Splunk Spawns Hunk Hadoop ToolSplunk Spawns Hunk Hadoop Tool
Splunk brings its analytic know-how to the multi-structured data living in HDFS with Hunk, a new stand-alone system aimed at Hadoop users.
June 26, 2013
Hunk is the catchy code name for Splunk Analytics for Hadoop, a new beta product introduced by Splunk on Wednesday. As the formal name suggests, the product brings the company's machine data analytics capabilities to data residing in Hadoop.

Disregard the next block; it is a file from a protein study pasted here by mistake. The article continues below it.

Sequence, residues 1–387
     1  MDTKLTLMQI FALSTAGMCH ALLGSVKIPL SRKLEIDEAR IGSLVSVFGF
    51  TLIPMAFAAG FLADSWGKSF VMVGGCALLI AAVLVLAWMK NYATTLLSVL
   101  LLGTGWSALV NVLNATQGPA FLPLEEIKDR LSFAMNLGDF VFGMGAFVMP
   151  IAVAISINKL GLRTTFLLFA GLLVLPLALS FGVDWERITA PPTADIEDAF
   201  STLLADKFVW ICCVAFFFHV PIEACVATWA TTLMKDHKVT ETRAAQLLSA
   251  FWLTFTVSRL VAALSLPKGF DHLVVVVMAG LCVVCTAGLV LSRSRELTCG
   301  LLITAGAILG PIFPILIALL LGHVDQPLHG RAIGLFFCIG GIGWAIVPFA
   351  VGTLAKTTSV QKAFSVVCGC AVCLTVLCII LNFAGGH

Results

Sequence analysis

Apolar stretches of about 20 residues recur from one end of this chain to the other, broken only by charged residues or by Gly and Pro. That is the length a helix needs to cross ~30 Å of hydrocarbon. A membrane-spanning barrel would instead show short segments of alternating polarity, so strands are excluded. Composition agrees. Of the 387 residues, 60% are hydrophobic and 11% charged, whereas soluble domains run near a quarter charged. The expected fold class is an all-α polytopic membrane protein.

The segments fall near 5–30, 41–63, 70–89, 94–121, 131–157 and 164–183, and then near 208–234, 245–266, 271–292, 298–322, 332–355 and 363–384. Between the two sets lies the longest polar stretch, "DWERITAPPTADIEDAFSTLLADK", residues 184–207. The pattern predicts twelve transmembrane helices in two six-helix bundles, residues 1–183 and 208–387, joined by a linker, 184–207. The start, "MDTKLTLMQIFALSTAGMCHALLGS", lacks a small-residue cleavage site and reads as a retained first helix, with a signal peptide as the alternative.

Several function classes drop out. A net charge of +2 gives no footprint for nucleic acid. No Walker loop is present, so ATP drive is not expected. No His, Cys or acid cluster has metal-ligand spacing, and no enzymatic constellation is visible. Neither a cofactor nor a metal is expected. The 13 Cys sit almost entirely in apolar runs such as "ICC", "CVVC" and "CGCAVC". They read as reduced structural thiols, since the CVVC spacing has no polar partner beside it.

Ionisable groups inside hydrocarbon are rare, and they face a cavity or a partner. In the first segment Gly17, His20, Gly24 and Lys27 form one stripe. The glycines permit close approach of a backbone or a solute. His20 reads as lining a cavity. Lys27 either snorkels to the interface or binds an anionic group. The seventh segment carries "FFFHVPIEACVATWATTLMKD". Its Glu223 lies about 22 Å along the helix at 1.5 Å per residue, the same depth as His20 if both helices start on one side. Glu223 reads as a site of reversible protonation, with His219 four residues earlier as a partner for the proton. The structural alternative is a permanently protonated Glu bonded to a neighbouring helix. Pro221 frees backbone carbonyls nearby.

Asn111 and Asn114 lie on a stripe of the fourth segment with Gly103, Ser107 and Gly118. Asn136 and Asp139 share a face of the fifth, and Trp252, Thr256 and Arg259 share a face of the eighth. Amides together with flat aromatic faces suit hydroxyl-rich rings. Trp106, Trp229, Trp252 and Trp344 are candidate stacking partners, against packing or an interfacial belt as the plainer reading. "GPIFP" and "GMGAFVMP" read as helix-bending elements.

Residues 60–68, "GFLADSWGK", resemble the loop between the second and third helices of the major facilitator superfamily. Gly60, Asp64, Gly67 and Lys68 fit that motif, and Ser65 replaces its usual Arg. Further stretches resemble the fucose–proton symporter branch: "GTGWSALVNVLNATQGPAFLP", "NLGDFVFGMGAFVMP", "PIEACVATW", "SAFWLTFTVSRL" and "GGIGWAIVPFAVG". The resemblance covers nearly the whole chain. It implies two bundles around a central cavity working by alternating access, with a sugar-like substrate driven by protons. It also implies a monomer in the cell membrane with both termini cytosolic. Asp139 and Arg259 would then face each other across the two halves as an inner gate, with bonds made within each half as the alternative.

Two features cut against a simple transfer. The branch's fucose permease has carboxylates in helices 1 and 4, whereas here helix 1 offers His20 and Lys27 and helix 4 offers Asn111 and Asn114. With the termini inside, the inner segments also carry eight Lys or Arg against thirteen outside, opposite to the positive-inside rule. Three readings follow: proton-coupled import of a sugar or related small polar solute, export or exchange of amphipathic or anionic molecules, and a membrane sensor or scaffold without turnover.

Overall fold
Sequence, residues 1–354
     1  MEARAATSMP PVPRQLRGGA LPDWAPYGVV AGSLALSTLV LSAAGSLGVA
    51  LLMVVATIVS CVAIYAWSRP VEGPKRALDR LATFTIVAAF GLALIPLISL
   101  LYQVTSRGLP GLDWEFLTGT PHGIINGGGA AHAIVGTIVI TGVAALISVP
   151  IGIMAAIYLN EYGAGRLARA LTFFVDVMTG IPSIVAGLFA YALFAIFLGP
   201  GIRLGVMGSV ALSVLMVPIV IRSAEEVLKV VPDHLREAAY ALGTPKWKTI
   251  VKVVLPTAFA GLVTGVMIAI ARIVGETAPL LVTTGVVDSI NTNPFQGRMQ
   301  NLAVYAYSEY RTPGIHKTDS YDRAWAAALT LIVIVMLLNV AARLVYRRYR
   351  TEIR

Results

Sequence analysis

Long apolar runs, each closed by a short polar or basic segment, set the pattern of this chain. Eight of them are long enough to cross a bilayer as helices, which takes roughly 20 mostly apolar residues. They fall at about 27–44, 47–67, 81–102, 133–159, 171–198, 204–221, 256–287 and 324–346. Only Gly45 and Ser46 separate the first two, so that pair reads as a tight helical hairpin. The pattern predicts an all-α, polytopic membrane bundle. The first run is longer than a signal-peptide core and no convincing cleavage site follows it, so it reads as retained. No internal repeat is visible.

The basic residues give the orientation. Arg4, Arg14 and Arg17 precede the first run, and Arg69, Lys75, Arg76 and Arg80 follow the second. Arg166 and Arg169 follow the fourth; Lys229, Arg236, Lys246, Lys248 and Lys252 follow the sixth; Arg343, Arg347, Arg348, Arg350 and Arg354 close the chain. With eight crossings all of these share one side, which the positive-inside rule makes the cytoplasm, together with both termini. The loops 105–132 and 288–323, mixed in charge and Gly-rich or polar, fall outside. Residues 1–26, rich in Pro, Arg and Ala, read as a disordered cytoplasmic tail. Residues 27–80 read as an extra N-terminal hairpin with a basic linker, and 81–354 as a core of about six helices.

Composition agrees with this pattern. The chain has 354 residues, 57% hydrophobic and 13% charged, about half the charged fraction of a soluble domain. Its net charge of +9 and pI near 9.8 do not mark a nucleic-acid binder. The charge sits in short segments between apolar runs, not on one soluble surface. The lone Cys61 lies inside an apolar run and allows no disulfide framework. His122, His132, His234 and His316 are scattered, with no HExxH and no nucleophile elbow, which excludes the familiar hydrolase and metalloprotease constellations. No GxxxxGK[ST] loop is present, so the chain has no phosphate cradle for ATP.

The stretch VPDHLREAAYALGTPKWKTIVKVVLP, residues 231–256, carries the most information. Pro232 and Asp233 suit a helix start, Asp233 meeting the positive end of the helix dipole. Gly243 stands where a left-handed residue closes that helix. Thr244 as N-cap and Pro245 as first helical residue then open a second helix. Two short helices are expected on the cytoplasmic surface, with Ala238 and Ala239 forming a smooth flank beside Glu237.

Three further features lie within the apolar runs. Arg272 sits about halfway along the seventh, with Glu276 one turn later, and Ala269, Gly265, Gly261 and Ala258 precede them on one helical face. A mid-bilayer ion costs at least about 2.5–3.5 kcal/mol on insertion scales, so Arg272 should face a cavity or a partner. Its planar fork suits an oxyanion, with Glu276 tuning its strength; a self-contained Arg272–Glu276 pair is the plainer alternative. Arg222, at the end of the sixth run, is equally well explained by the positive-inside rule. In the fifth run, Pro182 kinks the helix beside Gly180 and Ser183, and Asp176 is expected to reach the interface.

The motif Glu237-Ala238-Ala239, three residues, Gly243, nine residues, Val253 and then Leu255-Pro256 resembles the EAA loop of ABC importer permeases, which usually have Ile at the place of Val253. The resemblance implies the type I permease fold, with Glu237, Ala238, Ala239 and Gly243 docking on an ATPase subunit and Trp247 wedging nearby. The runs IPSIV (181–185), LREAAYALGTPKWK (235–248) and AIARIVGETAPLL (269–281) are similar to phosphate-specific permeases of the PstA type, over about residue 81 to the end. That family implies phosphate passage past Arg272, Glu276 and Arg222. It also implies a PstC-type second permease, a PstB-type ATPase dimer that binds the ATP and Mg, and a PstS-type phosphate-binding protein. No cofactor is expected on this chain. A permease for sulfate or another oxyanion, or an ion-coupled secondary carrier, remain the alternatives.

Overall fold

Splunk made its name (and hundreds of millions of dollars in an IPO) gaining insight from machine data. It does so with an ad hoc query language expressly designed to make sense of the highly variable data streaming out of server log files, sensors and other machine data sources that bring complexity to data centers. Splunk's existing customers -- more than 5,600 -- use the proprietary, high-scale back end of Splunk Enterprise to store data, but with many companies now dumping all their data into Hadoop clusters, it only made sense to bring Splunk's analytic capabilities to Hadoop. "Companies are trying to extract value from Hadoop, but the work is quite low-level and technical, and it takes lots of services and highly specialized resources to do the work," Sanjay Mehta, Splunk's VP of product marketing, told InformationWeek. "Hunk gives them an easy way to interact with and get value out of that data." [ Want more on Splunk-based analytics? Read Splunk Answers Business Demand For Big Data Analysis. ] Splunk caught on as a tool for IT departments to track operational problems in high-scale systems such as e-commerce sites. But customers like Expedia that initially used Splunk to keep Web sites up and running are also answering business-relevant questions such as how many inquiries and searches are we getting, and is our traffic coming from unpaid search, advertisements or keyword buys? Hunk makes sense out of massive data stores on Hadoop first by applying a Splunk Virtual Index that provides metadata. The index supports the same Splunk Search Processing Language used in the company's Splunk Enterprise product. Users can then explore, detect patterns and anomalies and drill down on terabyte- and petabyte-scale Hadoop clusters. Users can also uncover correlations with structured data using Splunk DB Connect to link data in relational databases to an analysis. Hunk also has reporting, data visualization and dashboarding tool, so you can turn valuable correlations and reports into always-on, production analyses. Hunk offers query acceleration, stored statistics, scheduling and access-control features that aren't purpose-built in Hadoop. And while it's certainly possible to code analyses from scratch in Hadoop, Splunk says Hunk offers a shortcut around the hard work of inventing and coding each and every inquiry. "Splunk is a command-based search language with more than 100 technical commands, and it's designed explicitly for this kind of data," said Mehta. "Whether you're a data architect, a data scientist or a data analyst, we make it easier to analyze data without having to work at the low level of MapReduce and HDFS." Hunk will be priced and packaged separately from the company's standard, Splunk Enterprise product. Pricing has yet to established, as the general release isn't expected until year end, but it's likely to be on a per-node basis. Will companies still have a reason to buy Splunk Enterprise when they can use Hunk to exploit Hadoop as a general-purpose big-data repository? That decision will come down to an economic analysis of what it costs to do analyses with Splunk Enterprise versus what it costs to do them with Hunk on top of Hadoop, according to Gartner big data analyst Merv Adrian. "These data streams aren't necessarily being put in HDFS today, and they may not go there in the future unless the customer has made a clear investment in Hadoop and they have the cluster set up and they want to throw these analyses in there, too," Adrian told InformationWeek. With SQL options like Cloudera Impala and improvements to the Hive query interface also in the works, it's clear that the analytic possibilities on top of Hadoop are only going to get richer. To be effective, business technology pros gather information and interact with peers in a variety of ways. InformationWeek and its parent company, UBM Tech, are looking to discover what information you want and how you like to receive it, as well as your feelings on interactive communities, online content and live events. The results will help our editors develop products and services that best meet your needs. Take this survey and tell us how you like your tech content: Digital, live, opinionated? Tell us and enter to win a 32-GB Google Nexus 7 tablet.
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